This is an shortcut for:

numbers = range(10)
squared_even_numbers = []
for n in numbers:
if n % 2 == 0:
squared_even_numbers.append(n ** 2)
print(squared_even_numbers)

[0, 4, 16, 36, 64]


Sometimes we want to iterate over two iterables at the same time. This can be implemented with the zip function:

values = [1, 2, 1, 2, 1, 2]
groups = [0, 0, 0, 1, 1, 1]

for v, g in zip(values, groups):
print("value", v, "is in group", g)

value 1 is in group 0
value 2 is in group 0
value 1 is in group 0
value 2 is in group 1
value 1 is in group 1
value 2 is in group 1


When "zipping" the shorter iterable determines when looping ends:

for i, j in zip(range(4), range(2)):
print(i)

0
1


To retrieve an iteraton index enumerate helps:

with open("amino_acids.csv", "r") as fh:
for i, line in enumerate(fh):
print("line", i, "has length", len(line.rstrip()))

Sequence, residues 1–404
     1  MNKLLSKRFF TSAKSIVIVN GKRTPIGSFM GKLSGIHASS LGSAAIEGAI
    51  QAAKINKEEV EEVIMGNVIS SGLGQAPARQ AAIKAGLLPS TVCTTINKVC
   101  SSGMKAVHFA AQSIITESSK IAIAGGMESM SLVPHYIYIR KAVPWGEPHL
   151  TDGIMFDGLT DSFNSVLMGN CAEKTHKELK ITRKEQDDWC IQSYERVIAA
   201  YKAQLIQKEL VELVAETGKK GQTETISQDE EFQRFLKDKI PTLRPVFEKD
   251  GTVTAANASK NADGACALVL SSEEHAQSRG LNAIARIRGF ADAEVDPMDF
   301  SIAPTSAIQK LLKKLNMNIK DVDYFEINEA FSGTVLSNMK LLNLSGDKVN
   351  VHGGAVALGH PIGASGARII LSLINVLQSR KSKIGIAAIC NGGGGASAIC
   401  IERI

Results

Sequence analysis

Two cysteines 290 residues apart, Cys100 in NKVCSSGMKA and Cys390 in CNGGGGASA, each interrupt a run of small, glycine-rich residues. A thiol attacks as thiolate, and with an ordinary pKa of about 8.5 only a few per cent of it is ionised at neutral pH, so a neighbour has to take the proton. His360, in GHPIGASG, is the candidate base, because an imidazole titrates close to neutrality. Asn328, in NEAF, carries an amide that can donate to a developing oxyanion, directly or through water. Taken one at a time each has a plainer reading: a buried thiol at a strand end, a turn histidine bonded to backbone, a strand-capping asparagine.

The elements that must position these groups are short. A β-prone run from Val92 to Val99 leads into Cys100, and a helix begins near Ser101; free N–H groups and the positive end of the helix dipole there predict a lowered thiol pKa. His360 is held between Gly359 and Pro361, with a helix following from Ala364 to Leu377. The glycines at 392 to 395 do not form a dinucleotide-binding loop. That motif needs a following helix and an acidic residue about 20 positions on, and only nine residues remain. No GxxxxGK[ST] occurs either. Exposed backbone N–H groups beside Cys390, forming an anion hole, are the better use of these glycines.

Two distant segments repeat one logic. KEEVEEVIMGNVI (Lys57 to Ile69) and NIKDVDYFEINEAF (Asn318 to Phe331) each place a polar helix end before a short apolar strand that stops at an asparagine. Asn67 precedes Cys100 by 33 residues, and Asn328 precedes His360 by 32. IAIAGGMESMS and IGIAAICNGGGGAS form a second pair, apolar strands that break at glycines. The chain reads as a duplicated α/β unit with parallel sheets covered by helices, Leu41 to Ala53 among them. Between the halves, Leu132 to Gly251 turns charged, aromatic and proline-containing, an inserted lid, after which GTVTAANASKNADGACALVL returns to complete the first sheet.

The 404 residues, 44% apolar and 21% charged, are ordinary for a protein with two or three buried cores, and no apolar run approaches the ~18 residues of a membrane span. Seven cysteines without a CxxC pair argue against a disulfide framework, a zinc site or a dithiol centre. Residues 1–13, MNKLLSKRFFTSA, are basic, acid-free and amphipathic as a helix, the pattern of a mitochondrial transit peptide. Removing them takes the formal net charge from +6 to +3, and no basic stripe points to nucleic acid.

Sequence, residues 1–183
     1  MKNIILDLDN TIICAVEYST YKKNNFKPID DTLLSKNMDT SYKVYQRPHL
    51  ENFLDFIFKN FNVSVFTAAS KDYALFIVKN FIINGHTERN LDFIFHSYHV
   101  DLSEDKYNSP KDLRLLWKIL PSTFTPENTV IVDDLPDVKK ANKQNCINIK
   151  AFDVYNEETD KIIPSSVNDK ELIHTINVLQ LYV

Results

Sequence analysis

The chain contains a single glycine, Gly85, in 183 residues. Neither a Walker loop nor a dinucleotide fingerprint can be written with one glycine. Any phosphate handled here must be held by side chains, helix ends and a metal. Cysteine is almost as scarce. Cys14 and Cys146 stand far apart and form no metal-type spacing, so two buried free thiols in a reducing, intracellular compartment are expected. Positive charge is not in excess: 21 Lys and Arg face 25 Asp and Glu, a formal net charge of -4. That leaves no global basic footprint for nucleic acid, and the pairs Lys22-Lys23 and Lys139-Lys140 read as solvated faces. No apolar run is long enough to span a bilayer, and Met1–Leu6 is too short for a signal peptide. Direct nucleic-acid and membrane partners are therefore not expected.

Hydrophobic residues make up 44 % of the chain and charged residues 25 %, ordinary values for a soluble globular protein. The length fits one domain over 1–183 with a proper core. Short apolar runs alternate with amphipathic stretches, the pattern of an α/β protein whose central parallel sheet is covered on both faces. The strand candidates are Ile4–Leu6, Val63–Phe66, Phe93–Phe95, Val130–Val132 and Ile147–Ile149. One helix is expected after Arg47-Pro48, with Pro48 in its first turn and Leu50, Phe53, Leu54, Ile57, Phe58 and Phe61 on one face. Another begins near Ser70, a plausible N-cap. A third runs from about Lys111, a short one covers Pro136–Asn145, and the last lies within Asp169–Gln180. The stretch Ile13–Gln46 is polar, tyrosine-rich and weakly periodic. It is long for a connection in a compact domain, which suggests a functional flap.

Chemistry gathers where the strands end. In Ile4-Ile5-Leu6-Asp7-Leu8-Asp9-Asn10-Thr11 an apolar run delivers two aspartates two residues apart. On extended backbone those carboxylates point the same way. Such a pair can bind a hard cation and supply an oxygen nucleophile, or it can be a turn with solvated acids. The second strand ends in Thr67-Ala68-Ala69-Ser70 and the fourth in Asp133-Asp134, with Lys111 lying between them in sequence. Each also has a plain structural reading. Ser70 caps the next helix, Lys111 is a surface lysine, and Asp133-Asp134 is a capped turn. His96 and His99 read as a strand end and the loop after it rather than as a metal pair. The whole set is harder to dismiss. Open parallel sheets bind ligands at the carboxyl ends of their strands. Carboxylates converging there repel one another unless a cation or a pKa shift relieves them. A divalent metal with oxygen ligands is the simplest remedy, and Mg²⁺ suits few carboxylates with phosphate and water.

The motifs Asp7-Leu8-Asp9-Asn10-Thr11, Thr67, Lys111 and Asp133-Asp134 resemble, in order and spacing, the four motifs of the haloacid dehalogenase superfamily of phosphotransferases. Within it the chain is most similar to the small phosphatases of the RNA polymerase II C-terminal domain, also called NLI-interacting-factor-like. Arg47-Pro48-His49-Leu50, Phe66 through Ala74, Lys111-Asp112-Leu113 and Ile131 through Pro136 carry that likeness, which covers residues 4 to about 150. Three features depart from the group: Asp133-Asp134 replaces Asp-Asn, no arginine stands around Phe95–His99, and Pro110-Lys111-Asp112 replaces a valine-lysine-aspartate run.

if i >= 10:
break

---------------------------------------------------------------------------
FileNotFoundError                         Traceback (most recent call last)
<ipython-input-34-2b65d046c1ff> in <module>()
----> 1 with open("amino_acids.csv", "r") as fh:
2     for i, line in enumerate(fh):
3         print("line", i, "has length", len(line.rstrip()))
4         if i >= 10:
5             break

FileNotFoundError: [Errno 2] No such file or directory: 'amino_acids.csv'

## Exercise block 5¶

1. Reproduce the examples above
2. Rewrite the script for grouping with dictionaries using zip to avoid indexed access with [].